Double double cheese cheese burger burger please! Chefs are stacking up bi-level burgers worthy of blue ribbons and the extra stomach space. Here are our top five suggestions on where to grab these sizable patties.
“Balance is so important when it comes to creating a great burger,” says chef Alex McCoy. “Great bread, great meat, great cheese.” He starts with a baked-that-morning, soft-yet-sturdy sesame seed brioche bun from Lyon Bakery. The patties are made with beef from Creekstone Farms in Arkansas City, Kansas, seasoned only with kosher salt and freshly cracked black pepper, and cooked on the flat top at high heat in a mixture of bacon fat and beef tallow. “That’s where you get the really rich flavor and the great crust,” says McCoy. He coronates them with imported Gouda cheese, sticky sweet bacon XO jam and mayo-based Lucky Sauce amped with Indonesian sambal sauce for a little kick.
You’d be forgiven if you simply glanced at this towering twofer burger and assumed it was an all-American effort. The usual suspects are on hand: squares of American cheese, pickles, caramelized onions and romaine lettuce. However, executive chef Kwame Onwuachi hides a couple of nods to his Afro-Caribbean roots. There are rashers of Scotch bonnet pepper-pepped jerk bacon, which is smoked over pimento wood specially flown in from Jamaica. Meanwhile, the mound of waffle fries are tossed in a tongue tingling Ethiopian berbere spice mix.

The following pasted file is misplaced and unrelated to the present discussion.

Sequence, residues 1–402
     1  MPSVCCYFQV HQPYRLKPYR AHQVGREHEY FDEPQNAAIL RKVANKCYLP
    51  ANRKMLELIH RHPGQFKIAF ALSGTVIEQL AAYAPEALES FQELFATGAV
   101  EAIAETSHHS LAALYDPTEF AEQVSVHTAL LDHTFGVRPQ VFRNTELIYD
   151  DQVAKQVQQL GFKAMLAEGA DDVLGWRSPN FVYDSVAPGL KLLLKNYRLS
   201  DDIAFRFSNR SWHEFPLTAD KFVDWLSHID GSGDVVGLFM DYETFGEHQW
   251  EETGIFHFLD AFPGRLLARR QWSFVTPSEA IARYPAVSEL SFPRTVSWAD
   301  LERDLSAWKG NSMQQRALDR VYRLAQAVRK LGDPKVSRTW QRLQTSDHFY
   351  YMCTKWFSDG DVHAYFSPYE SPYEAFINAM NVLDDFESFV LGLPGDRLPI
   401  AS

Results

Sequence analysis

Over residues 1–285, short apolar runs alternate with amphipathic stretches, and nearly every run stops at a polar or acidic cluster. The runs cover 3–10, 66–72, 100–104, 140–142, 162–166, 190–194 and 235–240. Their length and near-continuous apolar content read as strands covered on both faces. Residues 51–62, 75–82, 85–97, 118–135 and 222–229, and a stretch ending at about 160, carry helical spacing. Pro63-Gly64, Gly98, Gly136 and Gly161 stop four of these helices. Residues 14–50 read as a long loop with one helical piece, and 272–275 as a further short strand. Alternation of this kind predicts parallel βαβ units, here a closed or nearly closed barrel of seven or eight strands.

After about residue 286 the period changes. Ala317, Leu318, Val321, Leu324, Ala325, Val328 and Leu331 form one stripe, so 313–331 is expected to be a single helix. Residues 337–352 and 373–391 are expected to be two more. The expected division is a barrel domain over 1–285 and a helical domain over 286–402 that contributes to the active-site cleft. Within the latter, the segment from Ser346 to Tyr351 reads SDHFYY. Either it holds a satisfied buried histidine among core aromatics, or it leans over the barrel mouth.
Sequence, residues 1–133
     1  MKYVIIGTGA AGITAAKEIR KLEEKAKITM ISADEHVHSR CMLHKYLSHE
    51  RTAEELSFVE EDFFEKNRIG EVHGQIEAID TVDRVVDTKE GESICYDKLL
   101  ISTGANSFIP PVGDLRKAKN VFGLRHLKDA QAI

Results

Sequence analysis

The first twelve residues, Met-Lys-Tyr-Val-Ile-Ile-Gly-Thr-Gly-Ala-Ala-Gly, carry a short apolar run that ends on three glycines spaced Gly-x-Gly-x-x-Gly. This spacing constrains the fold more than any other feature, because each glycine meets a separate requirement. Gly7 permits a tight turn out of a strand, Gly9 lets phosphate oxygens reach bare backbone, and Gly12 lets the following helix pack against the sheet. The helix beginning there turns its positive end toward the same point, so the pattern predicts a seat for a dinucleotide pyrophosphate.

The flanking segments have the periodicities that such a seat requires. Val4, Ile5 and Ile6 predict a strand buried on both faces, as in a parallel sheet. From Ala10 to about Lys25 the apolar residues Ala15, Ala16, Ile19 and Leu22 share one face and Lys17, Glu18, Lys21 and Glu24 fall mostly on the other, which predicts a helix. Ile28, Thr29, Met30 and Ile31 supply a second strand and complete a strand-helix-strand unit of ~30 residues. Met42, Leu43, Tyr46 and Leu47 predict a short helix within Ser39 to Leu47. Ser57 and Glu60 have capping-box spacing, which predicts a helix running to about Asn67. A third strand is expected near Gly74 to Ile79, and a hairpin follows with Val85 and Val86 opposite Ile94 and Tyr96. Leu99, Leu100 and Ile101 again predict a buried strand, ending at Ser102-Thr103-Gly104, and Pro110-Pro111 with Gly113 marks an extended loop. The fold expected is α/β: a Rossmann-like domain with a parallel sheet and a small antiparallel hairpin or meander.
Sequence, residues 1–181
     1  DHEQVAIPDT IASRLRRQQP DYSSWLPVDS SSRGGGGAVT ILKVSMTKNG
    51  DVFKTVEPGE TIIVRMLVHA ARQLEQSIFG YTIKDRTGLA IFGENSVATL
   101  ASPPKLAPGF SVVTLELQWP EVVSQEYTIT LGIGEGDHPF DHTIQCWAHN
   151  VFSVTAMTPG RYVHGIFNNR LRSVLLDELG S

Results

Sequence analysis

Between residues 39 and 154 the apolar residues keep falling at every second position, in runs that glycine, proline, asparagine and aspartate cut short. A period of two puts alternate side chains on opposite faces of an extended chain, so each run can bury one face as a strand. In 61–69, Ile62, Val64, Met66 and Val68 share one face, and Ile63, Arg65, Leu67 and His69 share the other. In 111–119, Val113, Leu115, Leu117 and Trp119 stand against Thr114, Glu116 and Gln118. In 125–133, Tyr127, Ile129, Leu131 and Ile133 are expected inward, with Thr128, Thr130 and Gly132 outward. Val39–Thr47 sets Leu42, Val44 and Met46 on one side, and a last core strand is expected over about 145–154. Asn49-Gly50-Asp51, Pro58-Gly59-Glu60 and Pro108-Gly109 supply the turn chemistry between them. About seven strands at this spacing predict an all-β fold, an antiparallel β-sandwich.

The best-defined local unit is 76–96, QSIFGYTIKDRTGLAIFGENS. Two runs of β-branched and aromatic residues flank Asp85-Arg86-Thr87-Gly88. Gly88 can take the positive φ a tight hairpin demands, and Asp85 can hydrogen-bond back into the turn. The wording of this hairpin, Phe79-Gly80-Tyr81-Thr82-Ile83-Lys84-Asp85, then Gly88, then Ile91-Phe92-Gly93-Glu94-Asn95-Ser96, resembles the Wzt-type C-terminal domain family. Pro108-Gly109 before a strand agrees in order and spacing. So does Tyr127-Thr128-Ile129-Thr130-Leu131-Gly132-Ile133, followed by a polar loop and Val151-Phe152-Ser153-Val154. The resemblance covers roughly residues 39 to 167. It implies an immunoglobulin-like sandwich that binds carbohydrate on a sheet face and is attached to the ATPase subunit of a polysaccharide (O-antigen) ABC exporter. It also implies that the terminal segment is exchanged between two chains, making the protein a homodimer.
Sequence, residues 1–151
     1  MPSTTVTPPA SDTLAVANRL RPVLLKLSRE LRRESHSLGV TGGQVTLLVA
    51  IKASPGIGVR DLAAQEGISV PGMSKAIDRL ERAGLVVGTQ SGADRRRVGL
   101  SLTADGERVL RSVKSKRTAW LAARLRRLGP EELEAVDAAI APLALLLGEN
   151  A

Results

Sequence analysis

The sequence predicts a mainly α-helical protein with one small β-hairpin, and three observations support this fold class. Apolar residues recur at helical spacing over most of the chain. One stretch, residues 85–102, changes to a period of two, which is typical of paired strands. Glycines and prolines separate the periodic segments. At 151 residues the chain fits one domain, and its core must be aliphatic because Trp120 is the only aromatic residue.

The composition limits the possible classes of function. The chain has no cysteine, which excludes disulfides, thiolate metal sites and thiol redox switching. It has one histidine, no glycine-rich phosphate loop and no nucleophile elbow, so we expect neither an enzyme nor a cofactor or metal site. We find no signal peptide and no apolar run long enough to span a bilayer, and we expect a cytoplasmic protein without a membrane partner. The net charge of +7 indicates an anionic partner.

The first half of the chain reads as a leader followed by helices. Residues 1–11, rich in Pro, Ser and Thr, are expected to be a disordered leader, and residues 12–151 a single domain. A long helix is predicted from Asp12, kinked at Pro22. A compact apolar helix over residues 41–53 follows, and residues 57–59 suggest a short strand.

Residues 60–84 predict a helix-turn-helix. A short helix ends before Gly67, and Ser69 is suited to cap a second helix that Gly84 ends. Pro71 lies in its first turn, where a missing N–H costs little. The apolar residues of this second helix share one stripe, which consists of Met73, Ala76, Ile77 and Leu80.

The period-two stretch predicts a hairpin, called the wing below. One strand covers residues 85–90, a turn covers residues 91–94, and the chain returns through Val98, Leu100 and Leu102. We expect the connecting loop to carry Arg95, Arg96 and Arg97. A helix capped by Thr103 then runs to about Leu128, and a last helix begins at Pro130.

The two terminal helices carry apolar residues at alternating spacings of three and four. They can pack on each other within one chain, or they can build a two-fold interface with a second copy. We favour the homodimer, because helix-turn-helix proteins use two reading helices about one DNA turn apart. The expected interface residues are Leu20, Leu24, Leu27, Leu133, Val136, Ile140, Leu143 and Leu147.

“We’re doing a New England seafood restaurant, so it’s kind of funny that we’re getting so much praise for a burger,” admits executive chef Kyle Bailey. His goal was to create a straightforward burger free of fussiness or pretension. Two patties are forged with chuck from Fells Point Wholesale Meat in Baltimore and quickly griddled. They’re topped off with American cheese, iceberg lettuce, mayo and bread and butter pickles. A well-buttered, golden-grilled sesame seed bun holds it all together.
Every Sunday morning, executive chef Danny Wells stops by the Smith Meadows Farm stand at the Takoma Park Farmers Market just down the block from the restaurant. He purchases up to 160 pounds of grass fed beef, which he uses to make the 3.5-ounce patties in his twin patty burger that’s cooked over a wood grill. “The smoke flavor gives it a rustic, backyard barbecue flavor,” he says. Mustard ale cheese, garlic aioli, romaine lettuce, thinly sliced Spanish onions and a puffy pretzel bun complete it. Bacon and a sunny side up egg are optional, but recommended.
“The reason I do double patties is that it creates four sides of texture,” explains executive chef Travis Weiss. “You’re getting a crunchy exterior on both side of each one and a juicy, meaty interior.” The texture-obsessed chef takes a similar approach to his potato sesame seed bun, which he lathers up with unsalted butter and griddles on all sides to create a golden crust. The burgers gets gussied up with Thousand Island dressing, white American cheese, sliced red onion, bread and butter pickles and shredded iceberg. It’s basically a gourmet Big Mac, minus the middle bun.